Sandcast memories

Rory’s tummy somersaulted as the car went through the dark tunnel and out into the bright sunshine. It was a rare, hot day and Rory and Mum and Dad were on the way to the beach, leaving behind the noisy city for the day.

Rory’s yellow swimming costume, blue beach towel and red bucket and spade were all packed alongside the picnic basket. Mum had made some cheese sandwiches and Dad had baked sponge cake!

As they got closer, Rory heard the splashing waves and squawking seagulls. Soon he could smell the salty sea air mixed with the smell of a chip shop.

The beach was crowded! But they found a quiet spot to enjoy being away from the bustle of the city.

Mum set up a beach umbrella and Dad rubbed sun cream onto Rory’s back, arms, legs and face. That way, while Rory munched happily on his picnic, he could wiggle his toes in the golden sand that was hot from the sun.

Rory’s toes soon cooled down when he and Dad held hands and ran squealing into the big, splashy waves.

‘Hold tight!’ Dad shouted as a giant wave went right over their heads and soaked them both. They giggled.

‘Let’s make a sandcastle now!’ Rory said.

Rory mixed seawater and sand and used his spade to pack the wet sand tightly into his bucket, all the way to the top. It was hard work. With Dad’s help, Rory tipped the heavy bucket upside down. There! The perfect sandcastle!

‘Let’s find some sea shells to decorate it,’ suggested Mum.

Rory jumped up and off they went in search of sea shells of different shapes and sizes. Rory pressed his shells firmly into the walls of his sandcastle and beamed.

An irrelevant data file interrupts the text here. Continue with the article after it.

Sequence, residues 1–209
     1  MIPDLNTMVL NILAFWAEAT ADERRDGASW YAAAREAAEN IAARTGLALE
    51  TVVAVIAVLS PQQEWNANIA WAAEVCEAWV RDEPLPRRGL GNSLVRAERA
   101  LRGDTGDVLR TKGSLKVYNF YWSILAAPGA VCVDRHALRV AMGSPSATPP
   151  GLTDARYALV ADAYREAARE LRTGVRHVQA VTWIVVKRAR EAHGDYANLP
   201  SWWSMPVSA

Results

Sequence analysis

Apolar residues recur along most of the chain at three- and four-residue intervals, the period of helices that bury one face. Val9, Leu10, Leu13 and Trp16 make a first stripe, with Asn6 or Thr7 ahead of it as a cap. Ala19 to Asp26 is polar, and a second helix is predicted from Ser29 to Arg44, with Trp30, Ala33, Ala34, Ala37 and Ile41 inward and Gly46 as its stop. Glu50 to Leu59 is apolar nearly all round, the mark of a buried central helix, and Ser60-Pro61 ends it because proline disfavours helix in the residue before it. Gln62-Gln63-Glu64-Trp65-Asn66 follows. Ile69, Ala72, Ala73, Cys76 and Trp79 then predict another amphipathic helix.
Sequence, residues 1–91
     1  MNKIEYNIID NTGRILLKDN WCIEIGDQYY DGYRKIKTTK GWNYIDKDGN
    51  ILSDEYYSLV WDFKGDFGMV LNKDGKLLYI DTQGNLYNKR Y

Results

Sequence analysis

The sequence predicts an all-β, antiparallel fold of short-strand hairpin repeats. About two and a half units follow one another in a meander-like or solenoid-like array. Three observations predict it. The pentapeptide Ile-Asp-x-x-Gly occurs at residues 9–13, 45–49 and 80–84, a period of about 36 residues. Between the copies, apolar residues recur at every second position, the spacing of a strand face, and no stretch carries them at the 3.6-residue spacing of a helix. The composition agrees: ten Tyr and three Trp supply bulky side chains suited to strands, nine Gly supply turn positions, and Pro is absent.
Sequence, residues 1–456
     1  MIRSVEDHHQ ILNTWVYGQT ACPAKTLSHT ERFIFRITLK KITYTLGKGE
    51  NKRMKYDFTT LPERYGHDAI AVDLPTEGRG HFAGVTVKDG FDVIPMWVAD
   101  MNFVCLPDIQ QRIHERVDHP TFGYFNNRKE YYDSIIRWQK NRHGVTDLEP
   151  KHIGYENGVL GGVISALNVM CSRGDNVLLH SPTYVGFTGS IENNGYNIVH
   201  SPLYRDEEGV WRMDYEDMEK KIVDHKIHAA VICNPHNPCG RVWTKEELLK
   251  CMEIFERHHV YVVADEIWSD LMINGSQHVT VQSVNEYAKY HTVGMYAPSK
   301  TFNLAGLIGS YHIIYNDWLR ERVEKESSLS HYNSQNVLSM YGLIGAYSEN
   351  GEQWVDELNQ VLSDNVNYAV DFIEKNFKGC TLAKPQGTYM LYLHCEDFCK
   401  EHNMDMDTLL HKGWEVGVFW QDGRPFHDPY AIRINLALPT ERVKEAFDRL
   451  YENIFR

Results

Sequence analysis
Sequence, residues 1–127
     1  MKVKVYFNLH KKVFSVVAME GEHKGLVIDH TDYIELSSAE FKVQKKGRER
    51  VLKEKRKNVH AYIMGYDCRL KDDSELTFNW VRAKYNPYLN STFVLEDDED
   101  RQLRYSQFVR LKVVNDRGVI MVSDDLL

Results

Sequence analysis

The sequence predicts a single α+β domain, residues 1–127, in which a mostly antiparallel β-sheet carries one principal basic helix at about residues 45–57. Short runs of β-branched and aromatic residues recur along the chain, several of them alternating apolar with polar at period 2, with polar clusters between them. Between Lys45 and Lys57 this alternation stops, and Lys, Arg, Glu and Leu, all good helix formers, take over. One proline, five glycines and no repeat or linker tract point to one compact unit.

‘Lovely!’ Mum clapped her hands. ‘Now let’s start packing up,’ said Mum. ‘It’s getting cooler.’

Rory’s tummy sank. The sun was getting lower in the sky. That meant it was time to go soon. He stared at his sandcastle, knowing it would be washed away when the tide came in.

He grabbed his spade and started digging around the bottom of the sandcastle.

‘Is that a moat?’ asked Mum. Rory nodded.

‘How clever,’ said Mum. ‘But I’m afraid that won’t stop the tide. How about you pick your most favourite shell from your sandcastle to take home. That way you can have a piece of your castle with you forever.’

Rory bounced up, excited. He picked a smooth, white shell that was the shape of his palm when he cupped it.

He clasped it in his hand the whole car-ride home.

Back in the city at bedtime, Mum said if he listened carefully to the shell, Rory would be able to hear the sea. He put the shell to his ear and he could hear the splashing of waves.

He smiled as he remembered the cold water lapping his toes and the hot sand tickling them. He closed his eyes and could taste the delicious picnic once again and smell the salty sea air and the chip shop. He could even picture his sandcastle, safe from the tide.

With his new treasure, the beach didn’t feel so far away anymore.

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